The one complaint I really have about this series is its over-reliance on silly shojo clichés. I swear Suzuna must trip or stumble at least three times in this volume and accidentally falls asleep on a boy twice. It got so that I’d heave a great sigh whenever such an act was repeated, which detracts from the overall pleasant reading experience Venus in Love provides.

Review originally published at Manga Recon.

Venus in Love 4 by Yuki Nakaji: B+

From the back cover:
Suzuna began her college career by competing with Eichi for Fukami’s affection. Now that she’s decided she might like Eichi in a special way, newcomer Yuki entangles them in another boy-girl-boy love triangle. Then family tensions come to the forefront; first Eichi’s younger brother comes to town, then Hinako worries about keeping a secret from her parents—she’s dating her Greek teacher!

This was a really cute volume, though it had precious little to do with family tensions, despite what the back cover blurb claims.

The book covers about six months in time, during which Eichi realizes how much he needs Suzuna, Suzuna realizes that she’s in love with Eichi, and Yuki becomes less obnoxious and confesses his love to Eichi. I suppose that doesn’t sound like much, but some of those realizations took place over several scenes. It does kind of bug me a little that Yuki is apparently utterly nonchalant about being “head over heels” for a guy. From the rumors circulating about him (he’s a famous model, natch), it seems he was exclusively a ladies’ man before.

I like that everyone is usually happy and wholesome in this series. Okay, a realistic depiction of college life it is not, but I still appreciate that Yuki primarily likes Eichi because of his cuteness and enthusiasm. It’s all very low-key and kind of refreshing, in a way. It was also good to get some chapters from varying points of view—at least a little of it was Eichi’s perspective, and there was a full chapter about Hinako and her professorial love affair. (Again, completely wholesome.)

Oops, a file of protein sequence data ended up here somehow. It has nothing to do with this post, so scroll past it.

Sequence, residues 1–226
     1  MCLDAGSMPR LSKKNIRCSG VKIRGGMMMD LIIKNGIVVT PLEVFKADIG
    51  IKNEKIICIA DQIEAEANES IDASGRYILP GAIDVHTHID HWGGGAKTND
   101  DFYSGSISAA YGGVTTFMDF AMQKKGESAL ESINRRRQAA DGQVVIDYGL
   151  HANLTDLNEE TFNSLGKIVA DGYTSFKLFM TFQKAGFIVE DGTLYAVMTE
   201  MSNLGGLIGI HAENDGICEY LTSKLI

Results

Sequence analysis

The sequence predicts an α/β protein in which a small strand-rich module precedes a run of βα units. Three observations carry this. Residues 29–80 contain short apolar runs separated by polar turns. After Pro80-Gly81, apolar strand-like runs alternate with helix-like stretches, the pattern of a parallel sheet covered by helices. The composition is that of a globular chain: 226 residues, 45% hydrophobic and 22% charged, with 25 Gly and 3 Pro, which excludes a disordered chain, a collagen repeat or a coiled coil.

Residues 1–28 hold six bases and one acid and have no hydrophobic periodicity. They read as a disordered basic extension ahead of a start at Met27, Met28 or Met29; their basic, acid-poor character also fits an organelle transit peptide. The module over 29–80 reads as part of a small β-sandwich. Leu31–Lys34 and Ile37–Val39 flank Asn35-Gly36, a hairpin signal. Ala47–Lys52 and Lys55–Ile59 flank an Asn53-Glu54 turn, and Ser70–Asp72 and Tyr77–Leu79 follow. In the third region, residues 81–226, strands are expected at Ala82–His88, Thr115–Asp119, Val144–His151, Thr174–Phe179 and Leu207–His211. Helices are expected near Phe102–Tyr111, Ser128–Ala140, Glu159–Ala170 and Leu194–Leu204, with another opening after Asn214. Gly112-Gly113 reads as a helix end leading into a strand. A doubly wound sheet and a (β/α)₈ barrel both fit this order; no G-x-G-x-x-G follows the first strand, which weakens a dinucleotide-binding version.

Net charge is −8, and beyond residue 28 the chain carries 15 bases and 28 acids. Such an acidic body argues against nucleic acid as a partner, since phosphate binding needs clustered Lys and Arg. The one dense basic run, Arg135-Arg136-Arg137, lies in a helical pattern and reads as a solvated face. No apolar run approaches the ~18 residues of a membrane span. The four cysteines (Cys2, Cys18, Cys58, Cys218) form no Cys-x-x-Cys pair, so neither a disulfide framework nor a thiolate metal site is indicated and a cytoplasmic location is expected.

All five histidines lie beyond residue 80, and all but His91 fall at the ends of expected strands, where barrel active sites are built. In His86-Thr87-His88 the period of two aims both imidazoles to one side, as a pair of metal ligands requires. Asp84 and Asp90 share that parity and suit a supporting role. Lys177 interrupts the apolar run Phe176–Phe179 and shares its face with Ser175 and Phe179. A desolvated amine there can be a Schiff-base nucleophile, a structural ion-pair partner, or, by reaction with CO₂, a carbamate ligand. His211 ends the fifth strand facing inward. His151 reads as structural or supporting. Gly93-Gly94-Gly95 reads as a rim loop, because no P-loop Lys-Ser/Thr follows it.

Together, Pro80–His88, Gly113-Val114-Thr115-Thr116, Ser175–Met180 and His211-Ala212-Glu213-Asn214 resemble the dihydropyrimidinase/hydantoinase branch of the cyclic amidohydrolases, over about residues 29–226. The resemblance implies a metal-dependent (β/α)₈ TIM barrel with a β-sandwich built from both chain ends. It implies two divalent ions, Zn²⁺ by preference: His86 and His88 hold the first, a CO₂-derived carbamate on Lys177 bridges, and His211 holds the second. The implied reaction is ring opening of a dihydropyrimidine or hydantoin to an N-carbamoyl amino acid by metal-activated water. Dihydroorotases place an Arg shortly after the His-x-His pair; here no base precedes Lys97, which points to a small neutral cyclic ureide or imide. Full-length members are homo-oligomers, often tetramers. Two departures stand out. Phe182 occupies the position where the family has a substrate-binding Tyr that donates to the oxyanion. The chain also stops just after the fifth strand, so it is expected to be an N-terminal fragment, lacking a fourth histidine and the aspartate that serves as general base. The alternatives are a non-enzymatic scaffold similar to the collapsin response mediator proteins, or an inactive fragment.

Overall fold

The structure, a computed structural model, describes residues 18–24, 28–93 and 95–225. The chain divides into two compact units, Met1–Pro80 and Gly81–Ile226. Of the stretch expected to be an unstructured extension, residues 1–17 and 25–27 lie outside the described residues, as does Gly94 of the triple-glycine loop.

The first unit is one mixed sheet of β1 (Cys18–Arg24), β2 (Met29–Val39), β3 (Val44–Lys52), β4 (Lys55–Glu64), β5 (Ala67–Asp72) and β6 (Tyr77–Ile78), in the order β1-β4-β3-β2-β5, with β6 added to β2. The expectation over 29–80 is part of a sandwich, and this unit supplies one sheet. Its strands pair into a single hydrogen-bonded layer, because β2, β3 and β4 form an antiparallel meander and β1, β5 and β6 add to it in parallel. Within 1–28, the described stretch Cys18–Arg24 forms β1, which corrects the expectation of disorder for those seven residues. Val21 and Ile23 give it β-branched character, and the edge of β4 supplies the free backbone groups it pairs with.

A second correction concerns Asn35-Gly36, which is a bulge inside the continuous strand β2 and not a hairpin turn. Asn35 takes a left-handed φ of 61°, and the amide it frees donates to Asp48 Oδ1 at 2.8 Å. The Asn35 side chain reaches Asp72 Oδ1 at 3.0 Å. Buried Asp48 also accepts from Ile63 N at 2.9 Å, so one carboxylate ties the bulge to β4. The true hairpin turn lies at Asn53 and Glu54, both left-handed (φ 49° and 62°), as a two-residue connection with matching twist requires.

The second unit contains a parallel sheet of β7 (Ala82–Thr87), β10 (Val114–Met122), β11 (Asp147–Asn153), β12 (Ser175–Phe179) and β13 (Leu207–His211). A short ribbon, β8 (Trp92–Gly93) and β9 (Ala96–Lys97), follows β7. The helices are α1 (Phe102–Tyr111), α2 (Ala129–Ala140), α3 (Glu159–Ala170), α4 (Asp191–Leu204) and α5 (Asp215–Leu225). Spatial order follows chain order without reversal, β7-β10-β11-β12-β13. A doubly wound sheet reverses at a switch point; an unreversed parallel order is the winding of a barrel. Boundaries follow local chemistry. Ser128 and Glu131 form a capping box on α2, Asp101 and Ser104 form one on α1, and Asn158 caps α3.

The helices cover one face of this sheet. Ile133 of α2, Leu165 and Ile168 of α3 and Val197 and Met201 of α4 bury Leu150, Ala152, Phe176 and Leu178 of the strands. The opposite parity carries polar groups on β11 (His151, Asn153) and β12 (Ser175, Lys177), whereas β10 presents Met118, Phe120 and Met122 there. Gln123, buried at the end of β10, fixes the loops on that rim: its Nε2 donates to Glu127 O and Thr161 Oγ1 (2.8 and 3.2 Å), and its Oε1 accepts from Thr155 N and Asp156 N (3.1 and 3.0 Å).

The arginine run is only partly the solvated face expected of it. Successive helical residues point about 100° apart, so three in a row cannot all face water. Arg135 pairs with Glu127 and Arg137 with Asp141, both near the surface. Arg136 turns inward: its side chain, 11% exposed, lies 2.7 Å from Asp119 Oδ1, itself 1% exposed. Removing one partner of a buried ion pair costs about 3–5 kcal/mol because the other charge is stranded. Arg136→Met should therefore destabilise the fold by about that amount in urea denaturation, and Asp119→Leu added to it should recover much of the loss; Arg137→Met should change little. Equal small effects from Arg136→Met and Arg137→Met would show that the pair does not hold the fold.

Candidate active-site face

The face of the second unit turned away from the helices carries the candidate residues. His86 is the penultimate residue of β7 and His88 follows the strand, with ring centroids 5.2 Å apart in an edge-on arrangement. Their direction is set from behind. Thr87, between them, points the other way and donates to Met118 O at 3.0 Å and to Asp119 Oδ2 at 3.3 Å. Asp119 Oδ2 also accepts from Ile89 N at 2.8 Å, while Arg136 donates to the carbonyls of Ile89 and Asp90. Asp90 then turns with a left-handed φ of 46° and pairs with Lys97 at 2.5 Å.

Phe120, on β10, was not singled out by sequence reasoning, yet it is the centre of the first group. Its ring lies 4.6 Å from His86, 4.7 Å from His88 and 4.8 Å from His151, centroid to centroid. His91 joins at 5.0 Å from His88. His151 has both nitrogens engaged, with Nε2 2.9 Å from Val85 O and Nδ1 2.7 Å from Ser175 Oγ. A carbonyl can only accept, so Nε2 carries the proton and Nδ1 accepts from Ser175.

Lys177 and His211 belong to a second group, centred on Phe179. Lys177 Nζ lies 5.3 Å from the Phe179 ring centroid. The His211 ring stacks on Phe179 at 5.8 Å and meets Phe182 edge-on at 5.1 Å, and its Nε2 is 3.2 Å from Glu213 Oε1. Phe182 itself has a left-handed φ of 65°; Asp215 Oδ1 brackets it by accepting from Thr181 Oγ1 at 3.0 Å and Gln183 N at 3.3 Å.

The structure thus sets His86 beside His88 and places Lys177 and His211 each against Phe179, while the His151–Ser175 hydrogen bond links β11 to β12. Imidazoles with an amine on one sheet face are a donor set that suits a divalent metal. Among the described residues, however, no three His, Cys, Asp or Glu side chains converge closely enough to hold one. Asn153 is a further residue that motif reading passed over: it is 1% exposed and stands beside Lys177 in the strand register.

Venus in Love is not for everyone, but as far as pleasant, slowly unfolding romances go, it’s definitely a success.

Classical Medley 1 by Sanae Kana: C-

There are two magical orbs in the Classical Kingdom, one a ball of light and the other a sphere of darkness. The power of the latter has been sealed away since being abused by a king of yore, and a ceremony to renew the seal is required every 100 years. The ceremony goes wrong, and the current king winds up possessed by dark powers while Alto, protagonist of indeterminate gender and bodyguard to the prince, obtains the powers of light. Alto flees with Prince Soprano and trusty dragon companion Mezzo to seek help from Soprano’s brother, who is the only one not to have come under the king’s evil influence since he’s attending school in another country.

This title is rated Teen, but it’s hard to imagine any teen wanting to read this. The characters look and act younger than their established ages, the attempts at humor are not funny, and the story keeps getting modified as it goes along. I’d say it ought to be rated All Ages instead, but there are a few gratuitous images of the queen’s enormous boobs that might make that problematic.

Classical Medley is thoroughly mediocre, treading closely to the border with outright bad. I’m usually a completist, especially with a short series like this, but I couldn’t endure a second volume, even to know how it all ends.

Review copy provided by the publisher. Review originally published at Manga Recon.

Tears of a Lamb 3 by Banri Hidaka: B

The greatest strength of this series is the relationship between its two lead characters. After getting off to a rough start—with Kei badgering Kanzaki to allow her access to his apartment so she can search for a lost ring—it has developed into a solid friendship, with each able to confide in the other about their problems. I particularly like how Kanzaki’s consideration of Kei is shown through his actions rather than told in mere words. The best scenes are when they are engaged in heartfelt conversation.